In parallel, a Commons Transition political strategy involves building counter-power at the city, regional and global levels. This is done by creating local institutions to give voice to regional, commons-oriented entrepreneurial coalitions through Chambers of the Commons, which could learn from each other transnationally and, ideally, develop a collective voice. Meanwhile, local or affinity-based associations of citizens and commoners can unite those who contribute to or maintain commons, material and immaterial, through Commons Assemblies. As with the Chambers of the Commons, these prefigurative political systems can crystallize transnationally, binding existing political movements (Pirate Parties, New Left, Greens) under the narrative of the Commons.

The goals are clear and the elements are already in place but the question remains: when will this Commons transition take place?

The sustenance of roughly two billion people worldwide depend on some form of natural resource commons, yet many of these remain unprotected and vulnerable, in danger of privatization or sale. It’s possible that an analogous number of individuals are co-creating shared resources online through digital platforms. These potentially massive affinity networks lack a common identifier or unifying vision, but we can see the logic of commoning as a shared thread.

History shows that political revolutions are not followed by deep reconfigurations of power. Instead, revolutions complete these reconfigurations. New movements or classes and their practices precede the social revolutions which make them more powerful, and their practices more dominant. How does that relate to the idea of a Commons transition? Ample data supports the prefigurative existence of commoners (growing in numbers) who are already at the forefront of this phase transition, making a very strong start.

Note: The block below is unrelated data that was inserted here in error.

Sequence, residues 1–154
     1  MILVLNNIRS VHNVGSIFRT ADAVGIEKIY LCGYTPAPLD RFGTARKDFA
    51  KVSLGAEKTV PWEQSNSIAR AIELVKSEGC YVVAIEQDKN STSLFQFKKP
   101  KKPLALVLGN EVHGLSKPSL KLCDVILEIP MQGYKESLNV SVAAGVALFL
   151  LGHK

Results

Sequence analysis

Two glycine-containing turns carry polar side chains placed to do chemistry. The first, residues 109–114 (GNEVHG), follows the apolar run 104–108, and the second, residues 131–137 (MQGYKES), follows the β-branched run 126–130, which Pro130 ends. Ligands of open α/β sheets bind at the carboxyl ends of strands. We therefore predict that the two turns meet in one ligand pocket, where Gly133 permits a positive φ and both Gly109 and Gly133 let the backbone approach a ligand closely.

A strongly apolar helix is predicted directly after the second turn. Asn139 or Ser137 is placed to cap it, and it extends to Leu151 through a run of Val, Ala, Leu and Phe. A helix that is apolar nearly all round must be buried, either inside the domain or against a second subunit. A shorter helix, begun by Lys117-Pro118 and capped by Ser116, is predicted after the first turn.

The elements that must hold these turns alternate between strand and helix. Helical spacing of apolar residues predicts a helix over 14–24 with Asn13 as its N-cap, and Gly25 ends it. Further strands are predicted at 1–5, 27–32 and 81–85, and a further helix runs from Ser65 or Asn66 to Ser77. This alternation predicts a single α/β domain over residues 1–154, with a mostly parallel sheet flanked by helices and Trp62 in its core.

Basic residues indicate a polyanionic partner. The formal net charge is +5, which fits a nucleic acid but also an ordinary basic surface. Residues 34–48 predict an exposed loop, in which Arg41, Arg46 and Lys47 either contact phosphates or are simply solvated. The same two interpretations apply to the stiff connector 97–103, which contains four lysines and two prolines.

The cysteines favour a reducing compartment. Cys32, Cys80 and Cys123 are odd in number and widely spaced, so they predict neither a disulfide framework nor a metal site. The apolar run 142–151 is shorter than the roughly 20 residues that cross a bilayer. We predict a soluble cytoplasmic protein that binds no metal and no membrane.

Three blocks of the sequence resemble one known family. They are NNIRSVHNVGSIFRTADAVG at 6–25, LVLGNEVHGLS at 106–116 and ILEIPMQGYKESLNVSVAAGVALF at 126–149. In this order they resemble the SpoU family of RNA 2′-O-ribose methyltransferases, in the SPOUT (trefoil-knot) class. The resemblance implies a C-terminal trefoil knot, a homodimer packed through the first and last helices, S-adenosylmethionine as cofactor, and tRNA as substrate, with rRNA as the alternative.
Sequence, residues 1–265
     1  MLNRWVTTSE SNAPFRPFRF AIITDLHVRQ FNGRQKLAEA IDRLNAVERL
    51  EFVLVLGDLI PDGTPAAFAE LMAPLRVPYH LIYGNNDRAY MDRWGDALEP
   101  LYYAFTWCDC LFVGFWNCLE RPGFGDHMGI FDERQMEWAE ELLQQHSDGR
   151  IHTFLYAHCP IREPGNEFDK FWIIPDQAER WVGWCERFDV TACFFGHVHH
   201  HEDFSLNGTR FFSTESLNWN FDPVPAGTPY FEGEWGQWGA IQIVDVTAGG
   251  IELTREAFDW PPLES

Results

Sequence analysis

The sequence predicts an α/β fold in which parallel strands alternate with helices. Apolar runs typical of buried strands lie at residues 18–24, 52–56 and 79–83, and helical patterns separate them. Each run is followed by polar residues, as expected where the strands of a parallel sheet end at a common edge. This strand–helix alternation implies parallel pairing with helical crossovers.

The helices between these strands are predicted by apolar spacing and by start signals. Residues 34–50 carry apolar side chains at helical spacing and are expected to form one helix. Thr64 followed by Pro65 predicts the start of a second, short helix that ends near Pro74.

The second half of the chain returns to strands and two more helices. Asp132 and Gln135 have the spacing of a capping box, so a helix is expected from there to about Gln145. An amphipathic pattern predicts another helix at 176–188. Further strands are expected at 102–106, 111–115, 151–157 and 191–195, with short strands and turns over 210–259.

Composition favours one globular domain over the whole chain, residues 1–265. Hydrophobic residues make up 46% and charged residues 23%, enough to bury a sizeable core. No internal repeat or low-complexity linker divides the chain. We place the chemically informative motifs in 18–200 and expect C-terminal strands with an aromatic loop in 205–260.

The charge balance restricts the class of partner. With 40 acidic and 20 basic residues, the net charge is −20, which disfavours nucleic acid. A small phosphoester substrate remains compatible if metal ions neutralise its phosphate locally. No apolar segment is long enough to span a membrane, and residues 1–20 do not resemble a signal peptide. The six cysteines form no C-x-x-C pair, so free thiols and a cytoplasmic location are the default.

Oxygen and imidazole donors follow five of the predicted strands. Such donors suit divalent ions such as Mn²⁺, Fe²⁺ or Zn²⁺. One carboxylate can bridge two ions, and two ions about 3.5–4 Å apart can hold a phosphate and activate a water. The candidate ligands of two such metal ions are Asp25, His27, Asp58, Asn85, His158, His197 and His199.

Factor in the changing cultural expectations of millennials and post-millennials who expect meaningful engagement and work, requirements not well met in the current system. With work increasingly vulnerable under neoliberalism, the search for alternatives and the cultural force of P2P, self-organizing, and corresponding ways of thinking fuels the growth of commons-oriented networks and communities.

It is almost impossible to imagine a shift to sustainable circular economy practices under the current intellectual property driven, privatizing regime. Commons-based peer production is a model that could create a context of truly sustainable production. The watchwords are free, fair and sustainable, the three interrelated elements needed for a shift to more reasonable economy, polity and, ultimately, culture.

All of the above form a strategy for a Commons transition that offers a positive way out of the current crisis and a way to respond to the new demands of the commons-influenced generations. In fact, this Primer is full of case studies showing on the ground examples. The Commons and the prefigurative forms of a new value regime already exist. The commoners are already here, and they’re already commoning: The Commons transition has already begun.

If you agree and feel inspired to participate, read section 1.8, “How can I take part in the Commons Transition?”

Commons-based peer production was enabled by the digital revolution; now, that revolution is returning to physical space. Communities worldwide use open, digital knowledge commons to help design items to manufacture locally (design global, manufacture local). Open Cooperativism principles are used by communities to create their own livelihoods. Other communities in our case studies defend their political interests, and those of nature and civil society, through assemblies of the Commons, using forms of P2P politics. Together, all these elements create the necessary conditions for a Commons Transition to occur.